Bug 871819 - negative ETIME field in ps
negative ETIME field in ps
Product: Fedora
Classification: Fedora
Component: procps-ng (Show other bugs)
All Linux
medium Severity medium
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Assigned To: Jaromír Cápík
Fedora Extras Quality Assurance
Depends On:
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Reported: 2012-10-31 09:20 EDT by Branislav Náter
Modified: 2016-01-31 20:57 EST (History)
8 users (show)

See Also:
Fixed In Version:
Doc Type: Bug Fix
Doc Text:
Story Points: ---
Clone Of: 433266
Last Closed: 2014-01-31 13:04:45 EST
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Regression: ---
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Documentation: ---
Verified Versions:
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oVirt Team: ---
RHEL 7.3 requirements from Atomic Host:
Cloudforms Team: ---

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Description Branislav Náter 2012-10-31 09:20:36 EDT
Appears again in procps-ng

+++ This bug was initially created as a clone of Bug #433266 +++

Description of problem:

This is the description of the problem from a customer, after verifying it I
couldn't find anything wrong.
ETIME field is not obtained from procps but rather computed as a difference
between current time and process start time.

/* elapsed wall clock time, [[dd-]hh:]mm:ss format (not same as "time") */
static int pr_etime(char *restrict const outbuf, const proc_t *restrict const
 unsigned long t;
 unsigned dd,hh,mm,ss;
 char *cp = outbuf;
 t = seconds_since_boot - (unsigned long)(pp->start_time / Hertz);
 ss = t%60;
 t /= 60;
 mm = t%60;
 t /= 60;
 hh = t%24;
 t /= 24;
 dd = t;
 cp +=(     dd      ?  snprintf(cp, COLWID, "%u-", dd)           :  0 );
 cp +=( (dd || hh)  ?  snprintf(cp, COLWID, "%02u:", hh)         :  0 );
 cp +=                 snprintf(cp, COLWID, "%02u:%02u", mm, ss)       ;
 return (int)(cp-outbuf);

If t = -1, it will print exactly the value customer sees. I copied the sources
above to a standalone C-program, set t=-1 and the output is

{alexs 10:17:55} etime

How can we obtain t=-1? The value 'seconds_since_boot' is global and obtained
after parsing the arguments:

ps/global.c:  seconds_since_boot    = uptime(0,0);

After that, 'ps' starts to read from /proc directory the processes info and
parse/format/print it. I can see a possibility of the following race:

(a) ps starts running and sets seconds_since_boot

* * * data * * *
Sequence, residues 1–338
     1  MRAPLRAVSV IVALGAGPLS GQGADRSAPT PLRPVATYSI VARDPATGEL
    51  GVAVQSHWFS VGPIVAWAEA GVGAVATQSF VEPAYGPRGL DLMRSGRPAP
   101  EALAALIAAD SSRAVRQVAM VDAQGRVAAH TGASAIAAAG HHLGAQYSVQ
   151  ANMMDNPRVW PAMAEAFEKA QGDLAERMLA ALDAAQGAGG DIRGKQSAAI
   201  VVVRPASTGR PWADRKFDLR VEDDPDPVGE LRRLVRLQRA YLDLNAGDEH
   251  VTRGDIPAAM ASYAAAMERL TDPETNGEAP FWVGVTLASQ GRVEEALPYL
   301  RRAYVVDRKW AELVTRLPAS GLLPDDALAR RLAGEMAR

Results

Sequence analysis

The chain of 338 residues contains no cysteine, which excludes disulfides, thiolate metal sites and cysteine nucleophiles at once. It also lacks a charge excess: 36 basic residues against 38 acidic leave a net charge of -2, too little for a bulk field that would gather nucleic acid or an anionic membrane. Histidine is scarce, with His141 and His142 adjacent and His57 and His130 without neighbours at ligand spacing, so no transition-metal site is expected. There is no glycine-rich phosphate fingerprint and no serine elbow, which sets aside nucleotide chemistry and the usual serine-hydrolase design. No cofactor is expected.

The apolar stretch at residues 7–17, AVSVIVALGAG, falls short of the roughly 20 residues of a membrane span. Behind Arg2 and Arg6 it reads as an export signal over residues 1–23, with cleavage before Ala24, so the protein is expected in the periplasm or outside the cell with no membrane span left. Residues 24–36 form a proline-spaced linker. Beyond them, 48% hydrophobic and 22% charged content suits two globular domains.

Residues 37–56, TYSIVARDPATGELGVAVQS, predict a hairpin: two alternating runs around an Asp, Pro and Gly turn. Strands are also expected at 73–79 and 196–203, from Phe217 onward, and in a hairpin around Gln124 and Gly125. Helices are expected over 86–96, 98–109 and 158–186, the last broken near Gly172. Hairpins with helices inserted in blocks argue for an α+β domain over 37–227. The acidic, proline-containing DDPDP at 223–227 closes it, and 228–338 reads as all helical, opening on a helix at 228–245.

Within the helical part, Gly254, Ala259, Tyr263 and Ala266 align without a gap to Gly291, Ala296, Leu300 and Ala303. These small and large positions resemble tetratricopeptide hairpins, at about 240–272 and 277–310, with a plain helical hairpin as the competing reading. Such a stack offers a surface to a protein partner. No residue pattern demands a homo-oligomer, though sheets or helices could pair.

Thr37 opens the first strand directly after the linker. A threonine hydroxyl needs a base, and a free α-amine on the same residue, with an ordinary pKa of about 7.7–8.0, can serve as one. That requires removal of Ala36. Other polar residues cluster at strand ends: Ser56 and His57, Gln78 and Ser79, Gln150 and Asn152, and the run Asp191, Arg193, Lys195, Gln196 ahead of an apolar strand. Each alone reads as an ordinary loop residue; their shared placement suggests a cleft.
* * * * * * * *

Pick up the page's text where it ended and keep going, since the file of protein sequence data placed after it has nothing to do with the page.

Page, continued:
(b) just after that a new process is created. As a result, it will have
  start_time > seconds_since_boot

(c) when we eventually obtain and print info for that process,

seconds_since_boot - (unsigned long)(pp->start_time / Hertz)

is negative. Obviously, for this to occur we need a heavily loaded system (so
that there are many processes - this will make 'ps' run for a longer time) and
many new processes per second.

An obvious fix would be to add an explicit test to pr_etime() so that if we
see a negative value, we'll replace it by 0. E.g.:

 t = seconds_since_boot - (unsigned long)(pp->start_time / Hertz);
 if (t < 0) t = 0;

The problem is not RH-specific and is even workarounded in some tools, e.g.
       if (hyphcnt > 0) {
               sscanf(etime, "%d-%d:%d:%d",
                               &days, &hours, &minutes, &seconds);
               /* linux 2.6.5/2.6.6 reporting some processes with infinite
                * elapsed times for some reason */
               if (days == 49710) {
                       return 0;

Version-Release number of selected component (if applicable):

How reproducible:
Not easily, not often. Please read below a comment explaining the way it's
suspected to be reproduced:

"Obviously, for this to occur we need a heavily loaded system (so
that there are many processes - this will make 'ps' run for a longer time) and
many new processes per second."

Steps to Reproduce:
1. Unknown
2. ps -eo uname,pid,ppid,stime,etime,cmd
Actual results:

% ps -eo uname,pid,ppid,stime,etime,cmd
ETIME shows: 49710-06:28:15

Expected results:
Correct ETIME.

Additional info:
Proposed patch attached.
Comment 2 Fedora End Of Life 2013-04-03 15:52:57 EDT
This bug appears to have been reported against 'rawhide' during the Fedora 19 development cycle.
Changing version to '19'.

(As we did not run this process for some time, it could affect also pre-Fedora 19 development
cycle bugs. We are very sorry. It will help us with cleanup during Fedora 19 End Of Life. Thank you.)

More information and reason for this action is here:
Comment 3 Jaromír Cápík 2013-04-11 09:08:05 EDT
Please, retest with 3.3.7.
Comment 4 Jaromír Cápík 2014-01-31 13:04:45 EST
The fix should be available in all currently supported Fedora releases. Closing.

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